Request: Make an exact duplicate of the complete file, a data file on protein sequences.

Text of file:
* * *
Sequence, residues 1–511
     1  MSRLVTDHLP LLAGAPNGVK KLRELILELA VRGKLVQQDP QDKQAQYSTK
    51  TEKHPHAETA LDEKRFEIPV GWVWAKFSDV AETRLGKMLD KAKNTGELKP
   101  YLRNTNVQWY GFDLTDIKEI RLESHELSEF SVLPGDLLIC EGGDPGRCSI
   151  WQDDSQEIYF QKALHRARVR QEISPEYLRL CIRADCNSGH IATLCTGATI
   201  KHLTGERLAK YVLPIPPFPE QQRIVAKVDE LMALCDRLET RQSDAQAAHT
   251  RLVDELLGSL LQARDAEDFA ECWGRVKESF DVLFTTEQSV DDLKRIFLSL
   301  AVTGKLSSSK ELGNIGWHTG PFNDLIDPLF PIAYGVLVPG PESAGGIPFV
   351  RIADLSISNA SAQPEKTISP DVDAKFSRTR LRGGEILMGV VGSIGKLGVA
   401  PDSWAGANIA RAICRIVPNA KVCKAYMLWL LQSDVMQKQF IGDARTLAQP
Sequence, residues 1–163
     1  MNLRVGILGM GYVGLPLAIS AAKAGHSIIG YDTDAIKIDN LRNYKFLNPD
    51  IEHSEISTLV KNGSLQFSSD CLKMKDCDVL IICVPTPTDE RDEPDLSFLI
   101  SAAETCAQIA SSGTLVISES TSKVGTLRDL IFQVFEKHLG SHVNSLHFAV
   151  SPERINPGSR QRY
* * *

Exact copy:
Sequence, residues 1–511
     1  MSRLVTDHLP LLAGAPNGVK KLRELILELA VRGKLVQQDP QDKQAQYSTK
    51  TEKHPHAETA LDEKRFEIPV GWVWAKFSDV AETRLGKMLD KAKNTGELKP
   101  YLRNTNVQWY GFDLTDIKEI RLESHELSEF SVLPGDLLIC EGGDPGRCSI
   151  WQDDSQEIYF QKALHRARVR QEISPEYLRL CIRADCNSGH IATLCTGATI
   201  KHLTGERLAK YVLPIPPFPE QQRIVAKVDE LMALCDRLET RQSDAQAAHT
   251  RLVDELLGSL LQARDAEDFA ECWGRVKESF DVLFTTEQSV DDLKRIFLSL
   301  AVTGKLSSSK ELGNIGWHTG PFNDLIDPLF PIAYGVLVPG PESAGGIPFV
   351  RIADLSISNA SAQPEKTISP DVDAKFSRTR LRGGEILMGV VGSIGKLGVA
   401  PDSWAGANIA RAICRIVPNA KVCKAYMLWL LQSDVMQKQF IGDARTLAQP
Sequence, residues 1–163
     1  MNLRVGILGM GYVGLPLAIS AAKAGHSIIG YDTDAIKIDN LRNYKFLNPD
    51  IEHSEISTLV KNGSLQFSSD CLKMKDCDVL IICVPTPTDE RDEPDLSFLI
   101  SAAETCAQIA SSGTLVISES TSKVGTLRDL IFQVFEKHLG SHVNSLHFAV
   151  SPERINPGSR QRY